I used to apply deodorant multiple times a day. I sweat a lot. My body doesn’t regulate temperature well and while I’m always freezing, I’m also usually sweating. Sweaty cold as I like to call it. My favorite deodorant is Dove but I would like to find a more natural alternative. I’ve tried some “natural” deodorants in the past but always end up back with Dove. If anyone has found something they love that rivals Dove, I would love to hear about it!

BODY SPRAY

I don’t like perfume. They often smell too strong and overwhelming. Nowadays I don’t wear any scent but for years I was a collector of body sprays. I had to be careful because some scents also made me nauseous and gave me a headache like perfume but I loved smelling good. I might not have felt good or even looked like a living person but at least I could smell good. It also helped me be less self-conscious about being stinky and sweaty.

MAKEUP WIPES, MOISTURIZER & MAKEUP

In addition to having constant emergency trips to the bathroom, I also threw up a lot. As a result I would get very sweaty and would need to redo my makeup. I keep my makeup very minimal and probably don’t really know how best to apply it but I can do it all in just a few minutes. I would wipe my face and neck clean, not only to get off the makeup but also to get the sweat off. Sometimes I would also wash my face in the sink but public bathrooms gross me out and I usually didn’t feel clean after doing that. Then I would apply a little bit of moisturizer followed by light liquid foundation, often a shitload of concealer cause my skin was in bad shape back then and pressed powder. I would always use mascara but that might be it for the eyes. If I had more time, I might use a little eye shower and liner but I was often fighting back tears during all this so eye makeup was usually difficult to apply.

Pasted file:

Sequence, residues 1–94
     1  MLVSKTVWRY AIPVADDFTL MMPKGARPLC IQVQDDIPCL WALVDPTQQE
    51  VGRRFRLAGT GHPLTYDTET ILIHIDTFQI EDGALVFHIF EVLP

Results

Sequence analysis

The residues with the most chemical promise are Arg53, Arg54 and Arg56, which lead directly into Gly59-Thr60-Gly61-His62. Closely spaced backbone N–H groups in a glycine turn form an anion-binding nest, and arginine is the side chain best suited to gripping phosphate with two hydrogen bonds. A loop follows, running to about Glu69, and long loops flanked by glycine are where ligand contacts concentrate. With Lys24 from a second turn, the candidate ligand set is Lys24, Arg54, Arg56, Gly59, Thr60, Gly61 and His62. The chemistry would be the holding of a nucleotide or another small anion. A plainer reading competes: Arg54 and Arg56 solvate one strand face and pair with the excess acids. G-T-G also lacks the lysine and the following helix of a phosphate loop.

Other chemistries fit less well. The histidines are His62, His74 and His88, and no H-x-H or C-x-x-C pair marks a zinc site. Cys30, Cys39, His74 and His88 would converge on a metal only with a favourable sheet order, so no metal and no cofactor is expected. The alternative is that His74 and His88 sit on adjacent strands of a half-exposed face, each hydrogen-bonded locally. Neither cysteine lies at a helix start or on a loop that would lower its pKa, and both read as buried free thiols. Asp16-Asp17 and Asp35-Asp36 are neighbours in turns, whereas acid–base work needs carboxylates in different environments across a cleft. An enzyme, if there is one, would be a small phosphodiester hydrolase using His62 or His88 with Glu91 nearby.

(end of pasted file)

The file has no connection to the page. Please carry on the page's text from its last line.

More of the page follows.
TOOTHBRUSH & TOOTHPASTE

As I mentioned above, I threw up a lot. Most days I was brushing my teeth around eight times a day. Brushing my teeth became a bit of a compulsive habit. Even if I didn’t throw up, I often felt compelled to brush my teeth. When I was in high school, I was diagnosed with acid reflux. I had really gross acidic burps all the time and that contributed to my desire to constantly brush. So I carried around a small travel toothbrush and travel tube of toothpaste everywhere I went. I also often had a travel sized bottle of mouthwash.

GUM

I hate chewing gum but I usually had some in case of emergencies. Maybe I couldn’t brush my teeth and wanted to get the acid burp taste out of my mouth. Or maybe I still felt nauseas and chewed it as a means of settling my stomach. Spearmint is my favorite flavor.